Abstract 19643: C1q/TNF-Related Protein 5 Promotes Oxidation of Low-Density Lipoprotein During Transcytosis Across Endothelial Monolayers by Increasing 12/15-Lipoxygenase

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Abstract

Background: Increased transcytosis of low-density lipoprotein (LDL) across the endothelium and oxidative modification of LDL by activated endothelial cells (EC) constitute pivotal early events to initiate atherogenesis. C1q/TNF-related protein (CTRP) 5 is a novel secreted glycoprotein and its biological functions are largely undefined. In this study, we sought to investigate the role of CTRP5 in modulating transcytosis and oxidation of LDL in EC and the underlying mechanisms.

Methods and Results: Analysis of human coronary endarterectomy specimens and atherosclerotic femoral arteries revealed greater expression of CTRP5 in EC within atherosclerotic lesions as compared to non-atherosclerotic samples. By immunofluorescence analysis, we found CTRP5 led to significantly increased transcytosis and sub-endothelial deposition of DiI-LDL with no permeation to dextran of smaller size after perfusion of mouse aorta. In cultured EC, z-stack analysis by confocal microscopy exhibited accelerated progression of DiI-LDL from the epical membrane downwards over time by CTRP5. Furthermore, CTRP5 treatment led to markedly enhanced passage of biotin-LDL across the endothelial monolayer cultured on transwells as measured by a highly sensitive ELISA. Importantly, pronounced oxidation of the biotin-LDL by CTRP5 after transcytosis was found by detecting the malondialdehyde (MDA)-epitopes with the specific antibody. Mechanistically, we found CTRP5 treatment markedly increased the expression of 12/15-lipoxygenase (LOX), a critical enzyme that catalyzes LDL oxidation in EC. Immunofluorescence studies revealed the nuclear export of 12/15-LOX and partial co-localization with DiI-LDL upon CTRP5 stimulation. Inhibition of 12/15-LOX either by specific-siRNA or the inhibitor Baicalein evidently attenuated CTRP5-elictied oxidation of LDL. Finally, intraperitoneal injection of CTRP5 resulted in enhanced progression of atherosclerosis in ApoE knockout mice fed with high-fat diet, which was markedly reversed after knockdown of 12/15-LOX by lentivirus.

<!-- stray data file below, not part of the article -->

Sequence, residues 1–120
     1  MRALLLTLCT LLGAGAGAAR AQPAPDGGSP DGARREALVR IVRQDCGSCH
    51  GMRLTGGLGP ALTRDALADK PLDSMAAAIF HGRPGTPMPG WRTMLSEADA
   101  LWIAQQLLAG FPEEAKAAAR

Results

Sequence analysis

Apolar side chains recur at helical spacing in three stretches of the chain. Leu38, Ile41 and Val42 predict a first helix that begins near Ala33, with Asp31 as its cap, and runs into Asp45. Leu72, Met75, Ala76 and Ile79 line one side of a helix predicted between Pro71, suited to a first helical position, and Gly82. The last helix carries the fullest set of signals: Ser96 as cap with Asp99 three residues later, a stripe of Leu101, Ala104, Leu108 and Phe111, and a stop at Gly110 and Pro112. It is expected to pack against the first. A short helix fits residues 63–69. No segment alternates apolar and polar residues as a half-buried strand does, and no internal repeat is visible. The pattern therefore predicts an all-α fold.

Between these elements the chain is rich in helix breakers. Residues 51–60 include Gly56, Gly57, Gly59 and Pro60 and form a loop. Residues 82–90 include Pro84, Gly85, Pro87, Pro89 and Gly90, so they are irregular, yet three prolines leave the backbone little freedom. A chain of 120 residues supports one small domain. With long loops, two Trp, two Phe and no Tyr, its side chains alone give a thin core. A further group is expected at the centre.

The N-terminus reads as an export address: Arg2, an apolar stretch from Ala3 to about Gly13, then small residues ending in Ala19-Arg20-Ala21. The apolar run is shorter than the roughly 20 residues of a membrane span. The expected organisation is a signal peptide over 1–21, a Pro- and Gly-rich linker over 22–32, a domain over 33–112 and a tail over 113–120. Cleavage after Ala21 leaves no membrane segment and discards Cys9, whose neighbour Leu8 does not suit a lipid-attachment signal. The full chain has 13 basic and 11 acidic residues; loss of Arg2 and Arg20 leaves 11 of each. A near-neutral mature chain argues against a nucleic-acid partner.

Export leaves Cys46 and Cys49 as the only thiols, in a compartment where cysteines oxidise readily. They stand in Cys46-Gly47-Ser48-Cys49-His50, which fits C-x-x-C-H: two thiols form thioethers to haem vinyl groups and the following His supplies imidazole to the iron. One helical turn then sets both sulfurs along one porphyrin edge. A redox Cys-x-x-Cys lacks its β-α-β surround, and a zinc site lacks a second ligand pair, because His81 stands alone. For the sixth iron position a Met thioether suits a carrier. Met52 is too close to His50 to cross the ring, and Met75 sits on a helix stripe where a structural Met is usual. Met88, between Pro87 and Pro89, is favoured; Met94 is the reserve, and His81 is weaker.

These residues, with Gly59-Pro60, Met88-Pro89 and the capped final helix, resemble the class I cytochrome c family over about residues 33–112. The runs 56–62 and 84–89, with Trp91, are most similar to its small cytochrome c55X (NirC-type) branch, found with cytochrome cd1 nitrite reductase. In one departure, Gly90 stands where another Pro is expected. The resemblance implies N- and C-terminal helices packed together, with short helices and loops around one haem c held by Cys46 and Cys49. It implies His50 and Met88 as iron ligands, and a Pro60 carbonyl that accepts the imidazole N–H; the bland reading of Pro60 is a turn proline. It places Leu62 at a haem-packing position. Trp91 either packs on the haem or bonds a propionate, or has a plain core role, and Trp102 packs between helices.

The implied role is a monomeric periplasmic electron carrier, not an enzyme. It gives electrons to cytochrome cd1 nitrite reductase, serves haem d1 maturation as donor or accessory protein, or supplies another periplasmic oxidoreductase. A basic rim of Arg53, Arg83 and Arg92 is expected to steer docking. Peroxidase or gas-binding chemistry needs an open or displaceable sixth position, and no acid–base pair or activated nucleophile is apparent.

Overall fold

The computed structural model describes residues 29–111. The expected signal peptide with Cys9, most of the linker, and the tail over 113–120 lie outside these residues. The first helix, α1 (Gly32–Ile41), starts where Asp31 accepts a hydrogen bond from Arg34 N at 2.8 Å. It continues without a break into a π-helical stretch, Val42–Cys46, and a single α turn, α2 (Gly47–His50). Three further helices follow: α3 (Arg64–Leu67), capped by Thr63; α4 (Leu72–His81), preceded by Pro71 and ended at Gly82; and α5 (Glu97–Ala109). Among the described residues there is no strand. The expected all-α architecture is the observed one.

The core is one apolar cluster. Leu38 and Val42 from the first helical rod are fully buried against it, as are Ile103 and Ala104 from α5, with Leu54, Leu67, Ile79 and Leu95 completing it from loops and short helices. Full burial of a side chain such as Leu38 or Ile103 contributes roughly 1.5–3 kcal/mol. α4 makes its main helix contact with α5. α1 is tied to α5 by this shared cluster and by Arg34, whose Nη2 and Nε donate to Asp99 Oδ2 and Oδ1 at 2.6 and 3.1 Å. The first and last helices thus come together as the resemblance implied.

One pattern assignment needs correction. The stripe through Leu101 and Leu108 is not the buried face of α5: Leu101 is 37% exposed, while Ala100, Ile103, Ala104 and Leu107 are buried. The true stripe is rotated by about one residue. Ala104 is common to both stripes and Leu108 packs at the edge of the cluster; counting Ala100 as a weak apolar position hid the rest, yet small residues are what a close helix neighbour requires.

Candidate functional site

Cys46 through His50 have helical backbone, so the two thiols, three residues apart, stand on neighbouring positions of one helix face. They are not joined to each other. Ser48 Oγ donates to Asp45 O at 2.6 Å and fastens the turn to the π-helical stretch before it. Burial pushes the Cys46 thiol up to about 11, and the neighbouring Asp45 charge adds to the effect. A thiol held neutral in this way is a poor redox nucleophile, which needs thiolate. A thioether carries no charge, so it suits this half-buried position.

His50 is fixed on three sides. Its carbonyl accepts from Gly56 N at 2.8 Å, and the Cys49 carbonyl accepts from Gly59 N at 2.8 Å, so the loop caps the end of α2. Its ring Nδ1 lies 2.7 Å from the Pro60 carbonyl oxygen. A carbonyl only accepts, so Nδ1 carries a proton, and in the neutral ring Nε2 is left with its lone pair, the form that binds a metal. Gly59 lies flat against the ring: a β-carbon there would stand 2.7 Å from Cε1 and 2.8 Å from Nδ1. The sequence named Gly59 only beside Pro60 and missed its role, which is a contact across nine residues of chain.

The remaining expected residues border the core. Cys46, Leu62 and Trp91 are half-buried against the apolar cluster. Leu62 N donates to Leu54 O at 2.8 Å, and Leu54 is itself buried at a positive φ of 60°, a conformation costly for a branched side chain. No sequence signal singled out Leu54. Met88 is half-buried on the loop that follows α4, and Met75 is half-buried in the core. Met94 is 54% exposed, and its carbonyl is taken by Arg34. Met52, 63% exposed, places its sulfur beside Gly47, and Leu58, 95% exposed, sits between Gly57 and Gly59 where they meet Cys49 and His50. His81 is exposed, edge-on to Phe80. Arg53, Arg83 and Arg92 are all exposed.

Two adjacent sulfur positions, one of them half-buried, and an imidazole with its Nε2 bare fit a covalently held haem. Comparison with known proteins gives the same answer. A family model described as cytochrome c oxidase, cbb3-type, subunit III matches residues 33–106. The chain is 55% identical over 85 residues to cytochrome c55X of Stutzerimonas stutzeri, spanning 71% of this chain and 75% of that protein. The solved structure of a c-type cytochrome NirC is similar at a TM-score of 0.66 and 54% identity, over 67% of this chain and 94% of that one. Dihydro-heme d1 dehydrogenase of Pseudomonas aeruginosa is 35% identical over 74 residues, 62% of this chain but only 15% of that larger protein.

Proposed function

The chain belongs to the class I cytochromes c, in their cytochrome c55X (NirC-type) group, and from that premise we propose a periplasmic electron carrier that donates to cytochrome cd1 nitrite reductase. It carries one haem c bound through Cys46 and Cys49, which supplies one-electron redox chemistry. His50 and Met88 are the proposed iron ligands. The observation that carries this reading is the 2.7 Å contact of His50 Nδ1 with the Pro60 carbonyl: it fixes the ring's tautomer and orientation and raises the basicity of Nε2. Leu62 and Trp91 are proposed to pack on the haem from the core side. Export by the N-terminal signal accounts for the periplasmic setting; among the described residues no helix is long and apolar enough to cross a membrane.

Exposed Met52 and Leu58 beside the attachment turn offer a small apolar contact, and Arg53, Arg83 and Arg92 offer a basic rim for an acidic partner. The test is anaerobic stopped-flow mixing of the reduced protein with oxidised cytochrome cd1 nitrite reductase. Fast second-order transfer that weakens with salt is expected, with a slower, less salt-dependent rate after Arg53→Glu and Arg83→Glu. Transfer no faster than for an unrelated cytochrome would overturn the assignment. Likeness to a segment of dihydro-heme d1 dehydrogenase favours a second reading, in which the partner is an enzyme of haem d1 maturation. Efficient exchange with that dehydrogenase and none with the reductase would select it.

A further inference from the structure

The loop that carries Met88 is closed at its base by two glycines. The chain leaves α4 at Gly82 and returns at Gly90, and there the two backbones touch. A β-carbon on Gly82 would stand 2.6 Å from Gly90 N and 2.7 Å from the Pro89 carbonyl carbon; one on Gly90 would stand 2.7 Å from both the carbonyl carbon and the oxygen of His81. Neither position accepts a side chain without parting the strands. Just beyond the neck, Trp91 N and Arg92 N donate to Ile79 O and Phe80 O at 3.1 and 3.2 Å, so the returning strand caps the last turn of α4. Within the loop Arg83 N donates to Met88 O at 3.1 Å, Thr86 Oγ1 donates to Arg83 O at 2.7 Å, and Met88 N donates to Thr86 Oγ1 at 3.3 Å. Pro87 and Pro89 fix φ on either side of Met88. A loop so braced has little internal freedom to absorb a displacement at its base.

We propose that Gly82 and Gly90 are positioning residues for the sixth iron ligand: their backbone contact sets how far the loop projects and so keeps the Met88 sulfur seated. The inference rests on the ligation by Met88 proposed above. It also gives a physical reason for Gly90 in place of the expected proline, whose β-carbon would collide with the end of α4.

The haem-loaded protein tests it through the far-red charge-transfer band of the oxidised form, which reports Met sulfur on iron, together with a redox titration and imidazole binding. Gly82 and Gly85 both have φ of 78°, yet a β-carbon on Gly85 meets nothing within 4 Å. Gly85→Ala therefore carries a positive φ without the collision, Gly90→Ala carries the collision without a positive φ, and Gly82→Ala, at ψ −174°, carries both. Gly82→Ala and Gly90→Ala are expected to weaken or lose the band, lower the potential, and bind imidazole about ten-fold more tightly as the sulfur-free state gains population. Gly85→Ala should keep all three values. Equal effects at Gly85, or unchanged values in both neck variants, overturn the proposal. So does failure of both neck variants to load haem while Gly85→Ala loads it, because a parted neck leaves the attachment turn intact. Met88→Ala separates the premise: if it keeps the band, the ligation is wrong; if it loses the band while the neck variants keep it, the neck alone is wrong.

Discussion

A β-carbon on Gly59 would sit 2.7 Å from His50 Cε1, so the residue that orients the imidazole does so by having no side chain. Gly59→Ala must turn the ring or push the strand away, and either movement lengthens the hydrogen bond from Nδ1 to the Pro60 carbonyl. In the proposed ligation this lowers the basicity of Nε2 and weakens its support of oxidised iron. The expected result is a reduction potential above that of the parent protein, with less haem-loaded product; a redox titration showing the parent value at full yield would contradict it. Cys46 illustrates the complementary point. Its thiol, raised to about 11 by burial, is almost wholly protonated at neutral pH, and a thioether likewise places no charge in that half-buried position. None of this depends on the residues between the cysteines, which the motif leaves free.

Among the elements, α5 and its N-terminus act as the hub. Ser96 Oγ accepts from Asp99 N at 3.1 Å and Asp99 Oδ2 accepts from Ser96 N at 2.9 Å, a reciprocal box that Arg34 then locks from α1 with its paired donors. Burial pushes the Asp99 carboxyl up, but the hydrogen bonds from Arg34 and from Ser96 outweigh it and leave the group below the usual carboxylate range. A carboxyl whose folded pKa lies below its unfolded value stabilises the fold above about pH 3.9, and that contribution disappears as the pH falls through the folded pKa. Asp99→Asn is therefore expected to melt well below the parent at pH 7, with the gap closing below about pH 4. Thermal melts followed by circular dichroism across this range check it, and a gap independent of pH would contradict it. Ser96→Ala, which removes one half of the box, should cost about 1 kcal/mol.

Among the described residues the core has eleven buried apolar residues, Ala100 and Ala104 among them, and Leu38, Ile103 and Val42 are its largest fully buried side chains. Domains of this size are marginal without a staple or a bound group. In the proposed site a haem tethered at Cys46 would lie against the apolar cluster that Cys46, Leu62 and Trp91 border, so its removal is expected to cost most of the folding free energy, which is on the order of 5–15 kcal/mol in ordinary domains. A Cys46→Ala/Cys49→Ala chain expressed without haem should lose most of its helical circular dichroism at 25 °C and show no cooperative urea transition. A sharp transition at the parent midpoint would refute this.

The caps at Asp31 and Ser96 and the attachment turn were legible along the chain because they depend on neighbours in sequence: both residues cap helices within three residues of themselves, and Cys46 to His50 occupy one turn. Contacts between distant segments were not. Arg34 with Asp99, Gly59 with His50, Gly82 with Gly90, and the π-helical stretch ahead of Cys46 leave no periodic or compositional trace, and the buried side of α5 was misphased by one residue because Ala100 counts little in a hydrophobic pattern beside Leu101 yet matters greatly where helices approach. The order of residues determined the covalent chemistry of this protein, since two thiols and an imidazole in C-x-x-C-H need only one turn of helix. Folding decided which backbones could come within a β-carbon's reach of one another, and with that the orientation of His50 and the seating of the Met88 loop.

Conclusions: CTPR5 is a novel pro-atherosclerotic factor by facilitating LDL transcytosis across the endothelial monolayers and oxidation of LDL through promoting 12/15-LOX expression.

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